Filling Gaps in US Spectrum Allocation: Reforms for Collaborative Management
Electromagnetic spectrum is the range of radiation energy that carries everything from visible light to X-rays, microwaves, and gamma rays. A portion of that spectrum is used for communication applications, including FM and AM radios, cell phones, and other forms of wireless applications, such as radar. In the United States, it is the federal government’s responsibility to regulate the use of certain bands of spectrum, which can involve allocating bands to certain users and determining how bands are shared. With the rapid rise of wireless technology, demand for access to the spectrum has increased in recent years. Since 1994, the Federal Communications Commission (FCC) has auctioned licenses to use spectrum.
In March 2020, pursuant to a 2018 Notice of Proposed Rulemaking, the federal government auctioned off licenses to operate in a portion of spectrum to companies in the wireless communications industry after the FCC determined that the regulations it enacted would be sufficient to protect incumbent services from harmful interference. The aviation industry disagreed with that assessment, and maintained concerns that the accuracy of altimeters, which are safety-critical instruments that determine aircraft elevation, could be compromised. The debate came to a head in January 2022, when the Federal Aviation Administration (FAA) warned that, without changes to the rollout, planes would be grounded around the country due to safety concerns. Considering the widespread impact of this potential action, the wireless technology companies voluntarily agreed to postpone their deployment and worked with the aviation stakeholders on a modified rollout.
While the immediate crisis was averted, it exposed critical and interrelated gaps and failures in the process and policies used for efficiently allocating spectrum.
For example, in this case, the FCC and FAA were not well coordinated on the timing and sufficiency of information regarding the technical specifications of radio altimeter and protection requirements. In addition, despite the complex, fast-moving, and safety-critical nature of wireless technology, government as a whole does not regularly update its standards for spectrum-using devices. The degradation of stable leadership and lack of working interagency relationships at many levels of government during this period served as another obstruction to amicable dispute resolution.
To address these shortcomings, the Eno Center for Transportation (Eno) and the Information Technology and Innovation Foundation (ITIF) collaborated on an initiative to inform future spectrum allocations. These two independent, nonprofit organizations created a joint advisory group consisting of aviation and wireless spectrum experts, as well as those deeply familiar with federal spectrum allocation procedures. This group informed the research, evaluation, and development of specific, actionable recommendations to improve the process and avoid conflicts in the future.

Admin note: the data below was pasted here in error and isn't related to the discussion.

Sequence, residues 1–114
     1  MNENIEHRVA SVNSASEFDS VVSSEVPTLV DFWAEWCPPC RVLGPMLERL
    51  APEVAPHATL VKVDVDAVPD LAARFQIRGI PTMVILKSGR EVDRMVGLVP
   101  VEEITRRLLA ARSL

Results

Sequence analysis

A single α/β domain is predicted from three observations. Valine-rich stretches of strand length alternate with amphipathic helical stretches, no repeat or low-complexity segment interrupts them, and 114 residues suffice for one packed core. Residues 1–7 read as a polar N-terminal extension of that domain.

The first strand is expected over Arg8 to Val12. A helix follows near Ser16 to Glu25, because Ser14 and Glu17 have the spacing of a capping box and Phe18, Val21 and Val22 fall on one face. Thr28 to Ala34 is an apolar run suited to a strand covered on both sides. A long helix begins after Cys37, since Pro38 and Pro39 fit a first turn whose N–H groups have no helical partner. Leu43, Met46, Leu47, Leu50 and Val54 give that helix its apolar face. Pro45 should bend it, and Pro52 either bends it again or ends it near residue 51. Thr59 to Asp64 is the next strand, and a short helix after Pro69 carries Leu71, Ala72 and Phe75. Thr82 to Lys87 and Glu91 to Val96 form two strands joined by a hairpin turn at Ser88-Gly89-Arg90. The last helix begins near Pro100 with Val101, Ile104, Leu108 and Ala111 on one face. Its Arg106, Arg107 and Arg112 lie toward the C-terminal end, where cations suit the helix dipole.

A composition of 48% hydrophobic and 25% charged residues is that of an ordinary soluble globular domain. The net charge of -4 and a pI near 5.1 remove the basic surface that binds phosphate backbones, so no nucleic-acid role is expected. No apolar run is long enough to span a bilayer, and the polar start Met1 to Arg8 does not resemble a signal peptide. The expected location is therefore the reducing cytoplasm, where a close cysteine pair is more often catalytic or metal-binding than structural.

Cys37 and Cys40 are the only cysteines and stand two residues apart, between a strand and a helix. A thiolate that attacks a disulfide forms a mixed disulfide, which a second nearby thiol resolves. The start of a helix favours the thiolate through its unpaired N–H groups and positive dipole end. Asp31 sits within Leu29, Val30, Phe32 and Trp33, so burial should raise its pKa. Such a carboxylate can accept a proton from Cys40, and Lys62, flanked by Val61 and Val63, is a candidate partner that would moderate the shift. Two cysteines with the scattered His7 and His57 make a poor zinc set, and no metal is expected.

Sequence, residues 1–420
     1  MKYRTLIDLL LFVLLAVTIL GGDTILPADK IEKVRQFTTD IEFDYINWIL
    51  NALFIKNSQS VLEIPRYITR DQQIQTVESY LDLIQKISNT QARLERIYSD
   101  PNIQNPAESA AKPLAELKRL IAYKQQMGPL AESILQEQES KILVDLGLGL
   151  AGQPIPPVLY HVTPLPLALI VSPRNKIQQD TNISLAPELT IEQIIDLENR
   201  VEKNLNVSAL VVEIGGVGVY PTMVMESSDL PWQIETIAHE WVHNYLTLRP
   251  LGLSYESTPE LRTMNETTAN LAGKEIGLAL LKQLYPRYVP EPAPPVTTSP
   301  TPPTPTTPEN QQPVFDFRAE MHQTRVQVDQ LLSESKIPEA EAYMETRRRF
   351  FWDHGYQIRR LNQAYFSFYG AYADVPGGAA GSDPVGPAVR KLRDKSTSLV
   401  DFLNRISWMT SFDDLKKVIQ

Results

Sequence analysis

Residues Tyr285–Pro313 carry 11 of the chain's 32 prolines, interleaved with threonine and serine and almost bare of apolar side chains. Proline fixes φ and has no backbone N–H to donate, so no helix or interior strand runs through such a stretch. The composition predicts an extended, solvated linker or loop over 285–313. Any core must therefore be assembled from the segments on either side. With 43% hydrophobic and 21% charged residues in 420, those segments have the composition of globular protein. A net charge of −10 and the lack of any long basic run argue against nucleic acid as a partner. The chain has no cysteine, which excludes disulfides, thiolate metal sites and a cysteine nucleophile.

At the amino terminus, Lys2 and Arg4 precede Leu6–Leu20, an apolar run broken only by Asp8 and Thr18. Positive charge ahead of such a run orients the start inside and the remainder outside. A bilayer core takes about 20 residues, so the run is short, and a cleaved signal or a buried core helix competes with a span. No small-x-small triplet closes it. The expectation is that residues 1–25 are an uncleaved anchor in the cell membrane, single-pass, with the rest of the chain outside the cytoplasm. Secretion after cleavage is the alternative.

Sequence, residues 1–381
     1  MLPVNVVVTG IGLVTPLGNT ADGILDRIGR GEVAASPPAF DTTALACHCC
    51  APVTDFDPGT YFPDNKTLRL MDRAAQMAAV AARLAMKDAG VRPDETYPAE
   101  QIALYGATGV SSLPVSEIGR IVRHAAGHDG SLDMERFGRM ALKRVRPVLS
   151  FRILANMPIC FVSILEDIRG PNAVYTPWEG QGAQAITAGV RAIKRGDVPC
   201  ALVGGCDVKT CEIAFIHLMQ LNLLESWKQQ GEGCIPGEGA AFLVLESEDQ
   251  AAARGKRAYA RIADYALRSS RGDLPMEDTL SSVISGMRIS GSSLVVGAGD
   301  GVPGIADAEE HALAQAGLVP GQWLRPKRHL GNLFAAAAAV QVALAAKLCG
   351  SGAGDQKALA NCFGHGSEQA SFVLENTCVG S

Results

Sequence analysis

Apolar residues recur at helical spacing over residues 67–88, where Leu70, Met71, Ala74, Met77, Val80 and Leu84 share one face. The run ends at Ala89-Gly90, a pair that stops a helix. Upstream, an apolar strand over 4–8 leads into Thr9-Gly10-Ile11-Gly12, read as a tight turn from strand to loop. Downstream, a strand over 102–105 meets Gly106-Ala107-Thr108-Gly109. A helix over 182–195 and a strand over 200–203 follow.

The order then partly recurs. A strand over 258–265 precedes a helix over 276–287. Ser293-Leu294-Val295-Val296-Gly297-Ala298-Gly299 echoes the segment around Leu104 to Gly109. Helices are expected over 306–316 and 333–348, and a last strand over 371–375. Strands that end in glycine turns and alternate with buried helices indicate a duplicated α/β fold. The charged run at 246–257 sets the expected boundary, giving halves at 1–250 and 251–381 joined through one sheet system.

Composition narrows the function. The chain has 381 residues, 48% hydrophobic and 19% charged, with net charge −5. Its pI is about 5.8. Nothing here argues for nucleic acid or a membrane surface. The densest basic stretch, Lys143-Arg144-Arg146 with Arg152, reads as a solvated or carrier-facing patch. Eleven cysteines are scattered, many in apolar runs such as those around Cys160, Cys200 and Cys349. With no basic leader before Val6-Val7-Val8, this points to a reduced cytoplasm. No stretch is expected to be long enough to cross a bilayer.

These recommendations fall into four broad categories:
1. Agencies and standards-setting organizations should look to improve spectrum-using devices’ resiliency to interference. Reforms are needed to improve resiliency, and periodic reviews of technical standards for spectrum-using devices are also necessary In addition, the federal government should develop rules to incentivize the development of more interference-resistant receivers. Congress should reform the Spectrum Relocation Fund to allow it to be used by spectrum users to develop technology for more efficient spectrum use.
2. The federal government should invest in personnel that can properly operate and lead complex spectrum allocation processes. Given the expected demand for spectrum, the federal government should provide more resources to hire qualified engineers to address issues at a technical level rather than a political one. Federal agencies need to build better working relationships among their staff, while government leaders need to prioritize critical interagency connections.
3. Final decisions on spectrum allocation need to be established based on clear testing, data, and definitions. The clash of studies from different stakeholders, each purporting to provide the best evidence, is a hallmark of interference disputes. Though no solution is likely to end all disagreements about the technically superior course of action, additional independence and systematization of basic parameters can help all parties be more confident and contest their analyses on a level playing field.
4. The federal government should clarify and enforce jurisdictions and areas of expertise within the spectrum allocation process. Clear, up-front awareness of how disparate concerns are considered, and the preemptive sharing of some of those basic interests between the relevant agencies, will smooth the process when future spectrum management decisions are made.
These recommendations relate specifically to a recent spectrum allocation conflict between aviation and telecommunications. Yet it is important to note that this case was not the norm. While spectrum allocations are often contentious, this case was unusually problematic due to many process breakdowns. Nevertheless, that disagreement was not just a significant problem for both industries but for the nation itself—and it could have been prevented. Targeted reforms to improve the quality of personal relationships and expertise of players in the process, and to enhance the technological capabilities of devices, will go a long way toward averting problems in the future. The federal government should not wait until the next conflict to act.